Unlike the industrial concerns of the RMSP, the others, with their production aimed at the foreign market, had a stable performance in the period. This was the case of the food industry, the share of which was maintained by the exports of sugar and oranges, and of the metal industry, with the sales of steel.Exports contributed towards improving the participation of regions in the state as a whole. The added value from industry in São José dos Campos, for example, leapt up from 6.5% to 11%, driven by Embraer, which consolidated its presence in the international market in the period, and by the results from the foreign sales of the metalworking companies of Pindamonhangaba and Taubaté. “The depreciation of the real in 1999 also has to be taken into account, since it has made it possible for exports to grow as the exchange rates were freed up”, Matteo adds.

Some sectors of São Paulo industry were also not affected by the downturn, in this case, because of the readjustment of the prices of their products in the period, such as the chemical industry and oil and alcohol. This market advantage was fundamental for the growth recorded in regions like Campinas, whose share in the added value of the state grew from 16.1% to 19.6% between 1996 and 2001.

The expansion of services
The 2001 Paep also revealed a notable share in employment from services. The sector accounts for almost half of the personnel occupied in the economy as a whole (46.29%) and records a significant added value of 38.86%. It is, though, extremely heterogeneous and concentrated: over half of the services are in the capital, where the provision of services directly connected with the demand from companies stands out, like telecommunications, information technology, advertising, and accountancy, amongst others.

The most important segments have grown together with the process of outsourcing implemented by industry and are playing a crucial role in the management of business activity. The ancillary services for companies and technical services together, for example, now account for about 27% of employment and of the added value generated by the service activities in the whole of the state. “It is interesting to observe that the added value that before used to be measured in an industrial concern is now passing to the outsourced company”, Matteo explains.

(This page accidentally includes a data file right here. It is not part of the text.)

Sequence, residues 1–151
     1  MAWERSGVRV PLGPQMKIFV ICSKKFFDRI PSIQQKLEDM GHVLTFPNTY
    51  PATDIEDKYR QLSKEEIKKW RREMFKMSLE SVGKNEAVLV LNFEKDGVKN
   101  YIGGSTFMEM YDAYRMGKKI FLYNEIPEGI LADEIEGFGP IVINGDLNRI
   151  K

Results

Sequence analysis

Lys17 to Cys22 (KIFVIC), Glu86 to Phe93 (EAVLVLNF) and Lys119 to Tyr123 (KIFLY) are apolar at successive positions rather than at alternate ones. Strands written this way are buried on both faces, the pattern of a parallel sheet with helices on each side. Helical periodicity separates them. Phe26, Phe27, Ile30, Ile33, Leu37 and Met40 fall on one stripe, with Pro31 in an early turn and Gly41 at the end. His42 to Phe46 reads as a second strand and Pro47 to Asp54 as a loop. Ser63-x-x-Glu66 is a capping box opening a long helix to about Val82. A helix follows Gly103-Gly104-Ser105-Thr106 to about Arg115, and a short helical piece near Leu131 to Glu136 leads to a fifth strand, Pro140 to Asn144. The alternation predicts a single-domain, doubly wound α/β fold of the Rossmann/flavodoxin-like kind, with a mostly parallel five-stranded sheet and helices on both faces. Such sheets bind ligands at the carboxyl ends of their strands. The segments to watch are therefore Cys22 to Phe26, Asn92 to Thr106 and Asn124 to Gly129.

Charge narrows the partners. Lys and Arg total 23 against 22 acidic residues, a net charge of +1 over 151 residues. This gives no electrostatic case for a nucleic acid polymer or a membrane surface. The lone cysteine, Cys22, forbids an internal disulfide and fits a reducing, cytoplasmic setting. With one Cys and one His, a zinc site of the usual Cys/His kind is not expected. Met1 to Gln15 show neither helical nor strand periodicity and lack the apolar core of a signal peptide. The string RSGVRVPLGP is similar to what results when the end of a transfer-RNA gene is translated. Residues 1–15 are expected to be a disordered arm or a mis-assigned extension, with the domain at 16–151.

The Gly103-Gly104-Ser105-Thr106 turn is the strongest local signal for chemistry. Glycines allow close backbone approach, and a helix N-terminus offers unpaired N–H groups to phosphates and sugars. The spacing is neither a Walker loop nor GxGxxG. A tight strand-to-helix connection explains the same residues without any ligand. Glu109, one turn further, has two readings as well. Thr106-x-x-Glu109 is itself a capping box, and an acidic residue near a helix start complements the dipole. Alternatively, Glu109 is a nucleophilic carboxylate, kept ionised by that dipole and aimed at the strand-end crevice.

Also prominent amongst services are the sectors of formal and non-formal education and health, which, together, account for 21.6% of employment and 18.3% of added value. “If we do a ranking of the 30 largest companies in São Paulo, we would have to include the three state universities – the University of São Paulo (USP), the State University of Campinas (Unicamp) and the São Paulo State University (Unesp) – and the Hospital and Clinics”, says Bessa, noting that the added value of the universities is basically the payment of salaries. “They have the same dimension – in terms of added value – as the communications and electricity companies, for the fact of being intensive in innovation and knowledge, which implies high revenues and a relatively low intermediary consumption.”

Unlike the services associated with companies and education and health, the activities that meet the demand from families, such as leisure, culture, lodging and food, in spite of recording a noteworthy share in the number of occupations – 17.6% -, contributed little to the value generated in the sector: 8%.The current structuring of services, in Matteo?s assessment, is similar to that of industry, and is getting more and more distant from the model of commerce. “It is no longer possible to delimit clearly where industry ends and where services begin”, he claims.